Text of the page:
Functional Neurological Disorder (FND) is the second most common neurological condition but it is perhaps the most poorly understood. FND represents a disabling physical condition with limited management options.There is no structured guidance available apart from case studies and small research trials.
The fundamentals of treatment rests in robust multidisciplinary management, pharmacotherapy for symptom treatment and psychological therapies.There is a role of physical rehabilitation in the form of targeted and tailored physiotherapy.
At Liverpool Women's Hospital we have a joint Obstetric Neurology multidisciplinary clinic which is held every month.This clinic is run by Obstetric and Neurology Consultants and we provide specialist care of women with Functional Neurology Disorder. In our experience, these patients can present with dissociative seizures, functional gait and functional weakness.
We engage with these women every 4 weeks and receive support from anaesthetic consultants, physiotherapy and disability adjustment management. In addition they are reviewed in the specialist Perinatal Mental Health clinic at Liverpool Women's and the Functional Neurology clinic at the Walton Centre.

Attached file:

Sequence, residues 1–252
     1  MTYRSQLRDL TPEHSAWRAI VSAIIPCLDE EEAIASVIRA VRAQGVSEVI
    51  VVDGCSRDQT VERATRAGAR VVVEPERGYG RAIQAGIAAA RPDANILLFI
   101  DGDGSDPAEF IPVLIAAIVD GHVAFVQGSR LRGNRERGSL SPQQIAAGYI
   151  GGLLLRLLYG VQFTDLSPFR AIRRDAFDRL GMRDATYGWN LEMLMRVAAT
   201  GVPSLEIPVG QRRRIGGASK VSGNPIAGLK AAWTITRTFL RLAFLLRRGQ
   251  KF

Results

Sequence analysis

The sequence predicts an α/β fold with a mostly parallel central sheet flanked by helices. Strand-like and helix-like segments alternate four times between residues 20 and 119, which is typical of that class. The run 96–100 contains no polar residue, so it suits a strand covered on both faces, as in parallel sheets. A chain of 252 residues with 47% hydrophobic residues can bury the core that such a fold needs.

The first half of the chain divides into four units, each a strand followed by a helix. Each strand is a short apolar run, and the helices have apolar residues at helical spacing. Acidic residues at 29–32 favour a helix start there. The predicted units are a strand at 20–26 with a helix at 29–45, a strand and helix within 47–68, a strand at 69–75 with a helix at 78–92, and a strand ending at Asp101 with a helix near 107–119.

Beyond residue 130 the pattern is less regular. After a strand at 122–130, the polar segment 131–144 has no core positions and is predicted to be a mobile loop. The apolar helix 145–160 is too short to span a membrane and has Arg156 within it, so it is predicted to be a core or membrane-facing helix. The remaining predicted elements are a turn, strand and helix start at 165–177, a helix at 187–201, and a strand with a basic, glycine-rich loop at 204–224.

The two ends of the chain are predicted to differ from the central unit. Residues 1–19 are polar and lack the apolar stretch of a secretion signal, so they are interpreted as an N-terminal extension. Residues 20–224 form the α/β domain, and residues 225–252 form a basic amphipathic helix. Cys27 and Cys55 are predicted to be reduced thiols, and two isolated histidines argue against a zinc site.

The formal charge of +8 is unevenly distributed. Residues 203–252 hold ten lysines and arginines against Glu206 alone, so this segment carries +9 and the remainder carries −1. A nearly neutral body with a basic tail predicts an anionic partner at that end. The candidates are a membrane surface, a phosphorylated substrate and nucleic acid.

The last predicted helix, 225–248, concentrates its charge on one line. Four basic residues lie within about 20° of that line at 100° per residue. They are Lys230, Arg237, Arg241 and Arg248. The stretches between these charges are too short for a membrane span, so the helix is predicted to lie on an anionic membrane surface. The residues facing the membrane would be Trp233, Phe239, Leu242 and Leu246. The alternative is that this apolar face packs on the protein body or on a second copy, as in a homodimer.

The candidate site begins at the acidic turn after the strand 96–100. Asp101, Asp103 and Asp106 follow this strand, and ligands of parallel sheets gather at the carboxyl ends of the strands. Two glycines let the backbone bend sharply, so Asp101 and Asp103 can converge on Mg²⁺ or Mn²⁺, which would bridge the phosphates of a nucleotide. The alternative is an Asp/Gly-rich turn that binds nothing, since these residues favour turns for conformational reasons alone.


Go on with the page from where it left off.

The risks with the functional seizures and weakness is that patient is at risks of trauma and injury and hence the care and support has to be extensive.
In the episode of BBC Two's 'Hospital' aired on 19th March 2020, we follow Tara and her family with a diagnosis of chronic pain and functional weakness. Tara is able to demonstrate how disabling her symptoms are and how her family is affected, and she has provided us with an in depth view of the difficulties an FND patient faces in day to day life.
In our Obstetric Neurology clinic we are currently collecting our data on functional patients. The medical literature provides no research or case reviews of FND in pregnancy. Together with Dr Burness at the Walton Centre and with patients like Tara, we are actively working towards a retrospective review of FND and pregnancy at Liverpool Women's Hospital so that we are able to share this information and be able to make positive changes in supporting and managing our patients in future as it requires resources. Our experience is that FND worsens in pregnancy which may be able to point towards the psychological and physical strains of pregnancy and its effect on FND.
We hope through this episode we are able to raise awareness and understanding of this complex condition.